In the earlier verse it was told that the buddhi should get rid of delusion which alone drives it to multiple interests and involvements. When the basic delusion is shed, the buddhi will become quite indifferent to whatever it has been exposed to and whatever it is yet to come across. In other words, there will be nothing in the form of an influence to make it agitated or perplexed.

Krishna goes a step further in this verse to clarify how important it is to have a resolute intelligence in the pursuit of yoga. In fact, when the buddhi’s vacillations come to a stop and it remains unperturbed, then is yoga verily attained. This is a paramount pronouncement, and seekers must pay a lot of attention to grasp its full import.

The mind of man always survives on memory. Once an instance comes to pass, be it an external event or an internal thought or knowledge, the mind retains the experience in the form of memory. Devoid of this memory, none can live, move or interact in this world. For one to outlive his memory is neither possible nor useful. In the absence of a clear memory, a man will no more remain functional, playing any meaningful role anywhere.

Being so, what does Krishna mean by attaining indifference to whatever is heard and to be heard? Can whatever one gains in the form of knowledge and memory be so much of a hurdle in the spiritual path or yogasadhana?

Yogasadhana is meant to inculcate in the seeker more and more of viveka every day, until at last by the brilliance of this viveka he is able to realize the supreme Truth, the immortal Self that he verily is. The viveka, as it grows deeper, will have the effect of stabilizing the buddhi and mind. Such stabilization is what the scriptural study too ultimately imparts. Know enough of scriptural truths and get stabilized in your own supreme Self. Know that everything is just one in essence, and plurality is only an appearance. Prefer the Self to the entire host of variety found here as well as there. The indulgence and involvement in many is necessary only till this clarity is struck.

Mundakopanishad makes this point clear (verse 1.2.12)

परीक्ष्य लोकान् कर्मचितान् ब्राह्मणो निर्वेदमायान्नास्त्यकृत: कृतेन ।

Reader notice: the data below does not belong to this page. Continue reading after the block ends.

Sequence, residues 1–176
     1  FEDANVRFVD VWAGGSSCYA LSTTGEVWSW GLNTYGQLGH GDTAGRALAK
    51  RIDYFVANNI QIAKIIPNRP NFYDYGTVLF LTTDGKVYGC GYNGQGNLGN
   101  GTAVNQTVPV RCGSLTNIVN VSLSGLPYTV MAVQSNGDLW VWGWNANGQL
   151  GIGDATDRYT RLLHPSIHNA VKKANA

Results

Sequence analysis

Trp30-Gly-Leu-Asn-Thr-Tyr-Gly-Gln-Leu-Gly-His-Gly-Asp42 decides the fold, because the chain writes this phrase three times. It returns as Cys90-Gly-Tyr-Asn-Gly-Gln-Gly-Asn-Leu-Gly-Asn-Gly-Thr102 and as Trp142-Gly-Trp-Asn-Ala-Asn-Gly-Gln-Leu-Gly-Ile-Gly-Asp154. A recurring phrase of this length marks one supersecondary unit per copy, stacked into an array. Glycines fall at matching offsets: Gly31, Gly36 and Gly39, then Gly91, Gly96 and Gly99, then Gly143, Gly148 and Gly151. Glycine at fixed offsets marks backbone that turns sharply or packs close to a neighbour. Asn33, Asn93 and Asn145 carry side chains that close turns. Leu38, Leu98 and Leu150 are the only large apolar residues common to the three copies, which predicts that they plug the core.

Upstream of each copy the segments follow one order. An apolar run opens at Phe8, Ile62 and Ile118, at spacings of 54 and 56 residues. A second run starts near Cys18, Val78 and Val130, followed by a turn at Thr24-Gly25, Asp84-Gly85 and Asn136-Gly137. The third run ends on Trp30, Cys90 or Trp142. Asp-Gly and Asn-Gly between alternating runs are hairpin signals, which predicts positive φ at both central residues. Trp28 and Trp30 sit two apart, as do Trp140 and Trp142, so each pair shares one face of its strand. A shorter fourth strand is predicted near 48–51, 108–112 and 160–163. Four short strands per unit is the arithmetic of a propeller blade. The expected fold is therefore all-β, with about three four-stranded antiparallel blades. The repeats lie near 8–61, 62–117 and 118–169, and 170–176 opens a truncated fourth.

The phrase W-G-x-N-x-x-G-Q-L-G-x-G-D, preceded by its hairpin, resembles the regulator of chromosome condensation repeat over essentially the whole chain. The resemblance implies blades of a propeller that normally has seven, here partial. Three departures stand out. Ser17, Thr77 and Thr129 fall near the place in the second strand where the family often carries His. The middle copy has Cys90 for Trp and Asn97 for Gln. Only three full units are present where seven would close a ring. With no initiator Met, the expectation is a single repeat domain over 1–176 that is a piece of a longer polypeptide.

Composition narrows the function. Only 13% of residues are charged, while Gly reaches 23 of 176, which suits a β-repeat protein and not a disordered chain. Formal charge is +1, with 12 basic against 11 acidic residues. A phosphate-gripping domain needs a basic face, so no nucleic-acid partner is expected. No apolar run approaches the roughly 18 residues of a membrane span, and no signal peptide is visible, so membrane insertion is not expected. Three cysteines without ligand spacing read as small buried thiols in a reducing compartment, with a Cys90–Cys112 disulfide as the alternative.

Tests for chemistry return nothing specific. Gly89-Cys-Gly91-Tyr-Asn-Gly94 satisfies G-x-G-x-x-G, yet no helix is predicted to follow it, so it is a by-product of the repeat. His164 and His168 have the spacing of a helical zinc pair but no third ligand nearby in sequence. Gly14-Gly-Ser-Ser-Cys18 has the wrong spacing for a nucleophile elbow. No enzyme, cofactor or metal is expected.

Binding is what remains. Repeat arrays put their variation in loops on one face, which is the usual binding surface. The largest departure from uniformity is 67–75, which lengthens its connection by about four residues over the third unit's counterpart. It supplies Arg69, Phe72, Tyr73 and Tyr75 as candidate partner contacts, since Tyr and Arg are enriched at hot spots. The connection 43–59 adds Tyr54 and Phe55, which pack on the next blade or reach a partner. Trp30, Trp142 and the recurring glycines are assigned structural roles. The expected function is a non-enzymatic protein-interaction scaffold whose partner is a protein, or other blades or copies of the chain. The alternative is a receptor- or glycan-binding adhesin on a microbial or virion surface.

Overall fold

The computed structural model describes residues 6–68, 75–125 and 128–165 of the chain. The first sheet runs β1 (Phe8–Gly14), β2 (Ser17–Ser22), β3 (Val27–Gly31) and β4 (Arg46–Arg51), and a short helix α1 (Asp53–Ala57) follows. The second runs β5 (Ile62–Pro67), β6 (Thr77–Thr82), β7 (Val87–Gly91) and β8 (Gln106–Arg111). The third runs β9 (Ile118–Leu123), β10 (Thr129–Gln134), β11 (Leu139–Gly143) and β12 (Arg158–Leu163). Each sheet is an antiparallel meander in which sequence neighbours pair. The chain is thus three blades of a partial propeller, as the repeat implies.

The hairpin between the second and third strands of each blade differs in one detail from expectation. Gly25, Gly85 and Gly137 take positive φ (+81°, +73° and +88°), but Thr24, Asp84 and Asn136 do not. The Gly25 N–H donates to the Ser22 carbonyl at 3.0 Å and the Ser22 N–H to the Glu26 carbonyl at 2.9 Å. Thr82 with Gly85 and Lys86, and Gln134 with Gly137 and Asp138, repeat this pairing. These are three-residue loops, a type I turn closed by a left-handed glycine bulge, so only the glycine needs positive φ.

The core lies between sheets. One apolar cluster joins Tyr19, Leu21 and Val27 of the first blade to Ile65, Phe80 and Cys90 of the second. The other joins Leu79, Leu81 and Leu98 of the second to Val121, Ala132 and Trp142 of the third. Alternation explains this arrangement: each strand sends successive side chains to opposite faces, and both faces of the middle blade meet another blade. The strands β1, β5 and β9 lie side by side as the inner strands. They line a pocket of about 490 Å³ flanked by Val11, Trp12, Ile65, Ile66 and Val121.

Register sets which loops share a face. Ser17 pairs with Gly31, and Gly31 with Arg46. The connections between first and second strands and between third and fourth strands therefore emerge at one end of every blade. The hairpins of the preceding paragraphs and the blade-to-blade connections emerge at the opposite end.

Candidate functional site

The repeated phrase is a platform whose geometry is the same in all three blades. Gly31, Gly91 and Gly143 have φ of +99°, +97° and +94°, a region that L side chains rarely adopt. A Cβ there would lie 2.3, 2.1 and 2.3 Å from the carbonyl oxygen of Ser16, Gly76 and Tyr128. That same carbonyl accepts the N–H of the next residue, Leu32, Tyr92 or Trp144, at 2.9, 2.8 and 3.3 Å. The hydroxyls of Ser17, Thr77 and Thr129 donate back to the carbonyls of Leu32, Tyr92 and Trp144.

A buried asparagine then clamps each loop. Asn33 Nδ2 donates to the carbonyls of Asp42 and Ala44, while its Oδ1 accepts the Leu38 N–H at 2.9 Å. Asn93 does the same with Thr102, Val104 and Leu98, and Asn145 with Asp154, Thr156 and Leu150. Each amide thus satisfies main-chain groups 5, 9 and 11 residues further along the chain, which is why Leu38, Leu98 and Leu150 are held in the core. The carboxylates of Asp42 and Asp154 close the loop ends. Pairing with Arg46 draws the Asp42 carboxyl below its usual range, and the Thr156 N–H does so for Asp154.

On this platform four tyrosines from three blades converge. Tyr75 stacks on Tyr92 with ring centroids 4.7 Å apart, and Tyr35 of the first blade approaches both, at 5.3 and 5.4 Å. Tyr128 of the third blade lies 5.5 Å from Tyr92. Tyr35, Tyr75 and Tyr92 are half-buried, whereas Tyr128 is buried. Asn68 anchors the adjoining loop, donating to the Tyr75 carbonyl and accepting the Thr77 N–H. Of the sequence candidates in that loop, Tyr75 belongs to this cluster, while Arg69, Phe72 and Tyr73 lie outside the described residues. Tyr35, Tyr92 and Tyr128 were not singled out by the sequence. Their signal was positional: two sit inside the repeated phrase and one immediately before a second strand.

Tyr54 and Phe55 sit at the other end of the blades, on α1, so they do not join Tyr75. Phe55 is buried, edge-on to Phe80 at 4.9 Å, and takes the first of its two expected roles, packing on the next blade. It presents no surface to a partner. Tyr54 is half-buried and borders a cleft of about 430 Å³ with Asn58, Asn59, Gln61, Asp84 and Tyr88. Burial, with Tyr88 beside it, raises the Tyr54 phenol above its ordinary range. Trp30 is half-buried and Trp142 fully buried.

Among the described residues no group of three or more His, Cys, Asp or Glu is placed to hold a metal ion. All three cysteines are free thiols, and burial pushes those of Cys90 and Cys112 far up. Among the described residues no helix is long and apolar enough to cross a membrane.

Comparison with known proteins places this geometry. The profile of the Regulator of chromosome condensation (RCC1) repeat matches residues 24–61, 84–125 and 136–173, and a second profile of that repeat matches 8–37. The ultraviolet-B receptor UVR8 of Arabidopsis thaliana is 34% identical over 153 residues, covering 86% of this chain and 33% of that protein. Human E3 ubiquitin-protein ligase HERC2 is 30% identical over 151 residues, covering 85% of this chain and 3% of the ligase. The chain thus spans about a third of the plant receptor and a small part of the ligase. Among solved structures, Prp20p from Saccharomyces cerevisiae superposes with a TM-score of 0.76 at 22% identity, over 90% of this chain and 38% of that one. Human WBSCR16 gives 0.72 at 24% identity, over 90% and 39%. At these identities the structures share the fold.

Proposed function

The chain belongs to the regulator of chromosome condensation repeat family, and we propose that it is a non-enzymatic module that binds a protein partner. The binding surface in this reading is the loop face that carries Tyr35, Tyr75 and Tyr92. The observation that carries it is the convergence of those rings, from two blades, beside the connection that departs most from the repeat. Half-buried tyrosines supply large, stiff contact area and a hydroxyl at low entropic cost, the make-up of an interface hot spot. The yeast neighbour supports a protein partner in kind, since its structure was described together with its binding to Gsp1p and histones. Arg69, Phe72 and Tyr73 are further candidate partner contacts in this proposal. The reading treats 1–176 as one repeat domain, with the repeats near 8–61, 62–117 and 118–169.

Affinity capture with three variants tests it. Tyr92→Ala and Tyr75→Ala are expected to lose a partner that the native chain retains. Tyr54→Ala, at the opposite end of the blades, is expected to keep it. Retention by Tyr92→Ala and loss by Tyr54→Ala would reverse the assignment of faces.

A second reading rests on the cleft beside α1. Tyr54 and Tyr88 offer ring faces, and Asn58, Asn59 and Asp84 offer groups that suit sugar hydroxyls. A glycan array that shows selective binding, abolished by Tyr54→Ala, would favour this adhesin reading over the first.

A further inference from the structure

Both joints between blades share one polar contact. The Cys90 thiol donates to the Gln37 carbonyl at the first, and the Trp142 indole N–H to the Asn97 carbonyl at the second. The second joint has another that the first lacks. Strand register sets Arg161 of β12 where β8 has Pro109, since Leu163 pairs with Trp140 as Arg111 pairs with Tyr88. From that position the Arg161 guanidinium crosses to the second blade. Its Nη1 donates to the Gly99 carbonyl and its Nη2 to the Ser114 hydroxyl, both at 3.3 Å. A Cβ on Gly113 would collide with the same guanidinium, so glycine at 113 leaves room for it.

तद्विज्ञानार्थं स गुरुमेवाभिगच्छेत् समित्पाणि: श्रोत्रियं ब्रह्मनिष्ठम् ।।

Sage Angiras tells Saunaka, a great householder, when he enquired of the Sage about the knowledge of the supreme Reality: “Examine all the worlds to be attained by rituals, evaluate them properly and come to the conclusion that all of them are transitory and ultimately useless. Through rituals the supreme Brahman cannot be attained. The causeless Supreme cannot be attained by the cause and effect chain. Go  then to the Wise one, in all humility and earnestness, and seek instruction as to how to proceed.”

Is it not the same truth that Krishna wants to impart here too? Krishna says that the buddhi should remain unflickering and firm within. There should be no special motivation or persuasion, no external or internal attraction for it. Even the various accounts of Truth provided by the scriptures should not influence it unduly. Sastras are like the steps in the ladder. Get to the steps, one after another, and after climbing the last step, leave the ladder and get to the floor above.

After reading and absorbing the scriptures, be given to the pursuit of wisdom in yourself. Leave all forms of external help and means. Leave the scriptures also. Get to the stability of the mind and intelligence within yourself.

The last obstacle for the spiritual practitioner is the different accounts he finds about the goal of life and the sadhana leading to it. Even the scriptures give a plural description. The plurality of the accounts must not toss the mind and buddhi of the seeker. The buddhi must become self-supporting, self-settled.

Desire moves the buddhi. Doubt swings it. Even spiritual desire causes disturbance and distraction. Only when all this gets dissolved, stability can be gained. Krishna speaks of the unflickering note of the buddhi :